£18.49
  • Trawler Rum (watsons) 40% 70cl
    Fine dark rum of particular smoothness and quality. Before blending, each rum is fully matured in oak casks in its country of origin to bring out its full character and flavour
    £19.25
  • Watsons Demera Rum 40% 70cl
    Watsons Demerara rum is a dark rum produced by Ian Macleod distillers. Smooth and mellow with a lovley burnt fruit finish.
    £19.25
  • Koko Kanu 37.5% 70cl
    A subtle blend of crystal clear rum, blended with natural essence of coconut, this 37.5% ABV rum is the only full strength coconut rum available in the UK. Jamaica finest coconut rum.
    £19.99
  • Lambs Navy Rum 40% 70cl
    Smooth and mellow quality rum from the Caribbean.
    £17.75
  • Ron Aguere Coco 20% 70cl
    Aguere Coco rum is a rum based liqueur made from specaillay selected sugar cane. Infused with the great taste of Coconut.
    £18.50
  • Lambs Spiced Spirit Drink 30% 70cl
    Lambs Spiced made with authentic Caribbean rum and a selection of spices to produce a smooth, sweet spirit drink with flavours of vanilla, cinnamon, caramel and a citrus twist.
    £18.99
  • Ron Miel Guanche Honey Rum Arechucas 20% 35cl
    Honey Rum is a Canary Island speciality. Ron Miel Guanche from the Arehucas Distillery is one of the most famous and widely consumed on the Canary Islands. Made from a blend of quality aged rum and the finest honey, which combine into a drink with a fine body and an exquisite flavour. Honey Ru...
    £10.45
  • 19 Spiced Vanilla Rum 35% 70cl
    19 Spiced rum previously known as vat 19 spiced rum, distilled and blended by the world renowned Fernandes Distillers in Trinidad. It is a blend of the finest golden rum from Trinidad, enhanced with spices and a subtle hint of vanilla.
    £15.99

    Out of stock

  • Vat 19 rum 37.5% 70cl
    A premium Golden rum from Trinidad distilled from pure sugar cane, specially selected by the Fernandes family. Smooth and distinctive flavour. Named after the first blend of rum was distilled in 1919. It is aged for 3 years in oak barrels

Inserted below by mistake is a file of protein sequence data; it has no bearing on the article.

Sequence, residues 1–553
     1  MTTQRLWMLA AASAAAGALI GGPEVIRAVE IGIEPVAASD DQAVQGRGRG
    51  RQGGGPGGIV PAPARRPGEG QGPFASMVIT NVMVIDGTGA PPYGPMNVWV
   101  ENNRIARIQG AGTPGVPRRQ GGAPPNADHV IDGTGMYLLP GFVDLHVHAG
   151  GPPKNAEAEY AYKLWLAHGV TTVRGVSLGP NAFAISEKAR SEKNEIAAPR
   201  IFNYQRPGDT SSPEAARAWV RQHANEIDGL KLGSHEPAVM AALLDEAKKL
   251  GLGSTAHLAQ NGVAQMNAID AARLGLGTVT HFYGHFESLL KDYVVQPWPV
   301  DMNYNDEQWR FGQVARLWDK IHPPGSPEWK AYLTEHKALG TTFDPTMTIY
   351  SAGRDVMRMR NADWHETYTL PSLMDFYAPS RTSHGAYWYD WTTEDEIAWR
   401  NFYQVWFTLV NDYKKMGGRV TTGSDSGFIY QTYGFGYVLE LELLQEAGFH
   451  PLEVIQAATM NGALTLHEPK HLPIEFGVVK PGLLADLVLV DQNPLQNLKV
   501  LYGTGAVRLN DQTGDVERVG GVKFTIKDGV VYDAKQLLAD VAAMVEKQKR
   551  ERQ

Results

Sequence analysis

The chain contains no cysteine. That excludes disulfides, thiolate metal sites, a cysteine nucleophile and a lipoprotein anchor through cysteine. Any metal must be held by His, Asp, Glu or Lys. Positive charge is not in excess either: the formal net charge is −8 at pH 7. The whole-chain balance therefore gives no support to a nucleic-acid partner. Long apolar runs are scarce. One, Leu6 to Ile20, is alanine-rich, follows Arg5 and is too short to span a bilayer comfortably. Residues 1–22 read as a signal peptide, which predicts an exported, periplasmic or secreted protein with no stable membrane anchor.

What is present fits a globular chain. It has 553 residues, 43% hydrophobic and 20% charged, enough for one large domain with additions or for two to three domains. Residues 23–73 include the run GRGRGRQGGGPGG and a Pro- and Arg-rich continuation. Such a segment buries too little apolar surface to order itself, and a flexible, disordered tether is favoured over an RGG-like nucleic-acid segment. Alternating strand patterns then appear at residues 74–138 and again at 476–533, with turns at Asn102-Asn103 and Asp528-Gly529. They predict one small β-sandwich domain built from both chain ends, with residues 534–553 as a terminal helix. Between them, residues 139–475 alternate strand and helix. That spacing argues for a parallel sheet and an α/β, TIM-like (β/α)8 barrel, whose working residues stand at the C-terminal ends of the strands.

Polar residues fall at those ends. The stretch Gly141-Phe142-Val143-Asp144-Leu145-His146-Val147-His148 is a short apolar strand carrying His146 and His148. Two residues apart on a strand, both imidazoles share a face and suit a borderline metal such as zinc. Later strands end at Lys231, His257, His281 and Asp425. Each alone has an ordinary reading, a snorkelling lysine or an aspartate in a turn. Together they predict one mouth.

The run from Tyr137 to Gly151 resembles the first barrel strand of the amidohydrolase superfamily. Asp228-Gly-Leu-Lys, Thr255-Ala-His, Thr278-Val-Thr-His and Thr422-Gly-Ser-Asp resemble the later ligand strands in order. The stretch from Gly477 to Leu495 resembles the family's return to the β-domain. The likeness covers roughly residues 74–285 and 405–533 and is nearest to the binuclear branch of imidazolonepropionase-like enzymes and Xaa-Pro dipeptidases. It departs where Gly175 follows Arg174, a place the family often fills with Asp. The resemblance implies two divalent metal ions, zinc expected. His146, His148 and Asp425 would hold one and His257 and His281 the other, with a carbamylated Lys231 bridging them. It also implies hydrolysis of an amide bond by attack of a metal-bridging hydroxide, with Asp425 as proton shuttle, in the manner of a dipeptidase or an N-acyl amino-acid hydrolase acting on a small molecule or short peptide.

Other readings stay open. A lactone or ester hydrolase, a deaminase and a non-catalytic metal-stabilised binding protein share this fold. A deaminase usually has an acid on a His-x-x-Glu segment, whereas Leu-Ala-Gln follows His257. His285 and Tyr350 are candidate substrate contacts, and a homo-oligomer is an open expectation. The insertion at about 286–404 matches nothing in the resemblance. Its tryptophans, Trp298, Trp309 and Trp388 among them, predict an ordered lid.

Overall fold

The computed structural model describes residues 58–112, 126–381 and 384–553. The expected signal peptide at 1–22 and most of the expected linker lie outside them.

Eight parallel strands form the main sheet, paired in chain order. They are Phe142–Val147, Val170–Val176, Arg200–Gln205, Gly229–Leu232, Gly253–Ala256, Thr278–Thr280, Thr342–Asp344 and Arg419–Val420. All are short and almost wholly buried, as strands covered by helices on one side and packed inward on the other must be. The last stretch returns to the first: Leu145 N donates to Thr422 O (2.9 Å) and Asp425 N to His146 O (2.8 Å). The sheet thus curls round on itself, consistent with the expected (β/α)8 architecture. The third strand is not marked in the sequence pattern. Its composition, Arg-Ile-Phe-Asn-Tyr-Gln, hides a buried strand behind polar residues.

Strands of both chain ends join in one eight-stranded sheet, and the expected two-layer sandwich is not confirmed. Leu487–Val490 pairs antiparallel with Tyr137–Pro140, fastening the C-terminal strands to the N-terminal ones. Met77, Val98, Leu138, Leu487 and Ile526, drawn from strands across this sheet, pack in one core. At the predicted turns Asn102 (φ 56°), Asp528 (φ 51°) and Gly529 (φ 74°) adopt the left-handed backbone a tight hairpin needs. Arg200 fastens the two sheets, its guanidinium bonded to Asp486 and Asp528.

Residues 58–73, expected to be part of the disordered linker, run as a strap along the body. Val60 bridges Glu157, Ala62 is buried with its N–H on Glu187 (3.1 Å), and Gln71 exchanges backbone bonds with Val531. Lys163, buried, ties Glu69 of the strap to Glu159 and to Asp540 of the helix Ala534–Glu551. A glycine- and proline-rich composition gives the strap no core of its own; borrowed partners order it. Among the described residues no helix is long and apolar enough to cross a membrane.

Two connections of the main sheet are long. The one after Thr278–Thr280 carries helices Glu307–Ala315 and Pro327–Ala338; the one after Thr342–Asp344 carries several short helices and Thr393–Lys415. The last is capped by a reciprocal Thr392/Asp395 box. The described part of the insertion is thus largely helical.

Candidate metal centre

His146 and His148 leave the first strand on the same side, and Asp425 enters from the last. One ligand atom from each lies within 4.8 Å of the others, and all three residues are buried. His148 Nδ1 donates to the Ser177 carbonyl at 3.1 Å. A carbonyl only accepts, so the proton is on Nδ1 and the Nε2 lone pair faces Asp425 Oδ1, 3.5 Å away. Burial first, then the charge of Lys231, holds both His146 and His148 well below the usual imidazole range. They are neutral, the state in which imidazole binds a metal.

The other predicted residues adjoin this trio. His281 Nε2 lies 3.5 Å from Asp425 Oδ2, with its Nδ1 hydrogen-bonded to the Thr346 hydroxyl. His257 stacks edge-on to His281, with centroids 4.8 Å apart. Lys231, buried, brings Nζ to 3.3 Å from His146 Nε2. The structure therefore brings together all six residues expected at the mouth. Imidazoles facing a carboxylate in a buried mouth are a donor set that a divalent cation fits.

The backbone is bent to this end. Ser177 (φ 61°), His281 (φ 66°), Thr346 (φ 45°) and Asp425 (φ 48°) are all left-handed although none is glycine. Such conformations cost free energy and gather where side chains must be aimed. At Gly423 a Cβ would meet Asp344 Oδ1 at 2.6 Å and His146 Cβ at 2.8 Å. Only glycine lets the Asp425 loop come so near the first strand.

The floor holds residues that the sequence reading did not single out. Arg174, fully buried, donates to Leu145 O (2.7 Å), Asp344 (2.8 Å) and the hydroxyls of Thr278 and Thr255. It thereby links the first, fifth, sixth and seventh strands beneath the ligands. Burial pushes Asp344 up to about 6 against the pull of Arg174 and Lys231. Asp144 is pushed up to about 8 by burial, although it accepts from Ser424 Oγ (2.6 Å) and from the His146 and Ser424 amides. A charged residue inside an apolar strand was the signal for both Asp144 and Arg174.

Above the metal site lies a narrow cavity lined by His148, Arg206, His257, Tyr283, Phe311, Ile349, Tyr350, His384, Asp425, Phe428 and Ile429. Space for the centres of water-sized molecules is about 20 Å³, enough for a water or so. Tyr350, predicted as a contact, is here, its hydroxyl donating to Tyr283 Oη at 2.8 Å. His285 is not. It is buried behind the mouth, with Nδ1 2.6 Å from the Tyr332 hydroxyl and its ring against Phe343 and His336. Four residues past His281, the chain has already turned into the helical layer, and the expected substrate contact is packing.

£16.75

    Out of stock

  • Ron Aguere Blanc Rum 37.5% 70cl
    This typical Canarian rum is one of the favourite blends in the Canary Islands, as it is made from distilled sugar cane juices which provide it with a neutral silky colour, producing an intense sensation. Ideal to be served in cocktails as `mojitos.
    £19.99

    Out of stock

  • Ron Aguere Gold Rum 37.5% 70cl
    Canary Island rum made from matured distilled sugar canejuice. This is a modern rum made to satisfy the demand of the new generation of Europeans, who prefer harmonious and wellbalanced blends of sugar cane eaux-de-vie. Its smell and flavour are mild and silky. This rum is ideal to ...
    £19.99

    Out of stock

  • Sang Som Rum (Thai) 40% 70cl
    Sang Som rum is produced from the finest molasses and then aged in oak casks before being blended to produce this drink. Itwas first introduced into the Thailand market in 1977. Now, 30 years on it is the most successful beverage in the history of Thailand's liquor industry. Sang S...
    £16.99

    Out of stock

  • Mahiki Coconut (Blue) 21% 70cl
    Mahiki Coconut rum liqueur has been inspired by one of London's hottest night spots, Mahiki. A blend of Caribbean rums and natural coconut flavours to produce a versatile spirit which is great with coke or in your favourite cocktail, such as Pina Colada or a Tiki. There are three different bottle...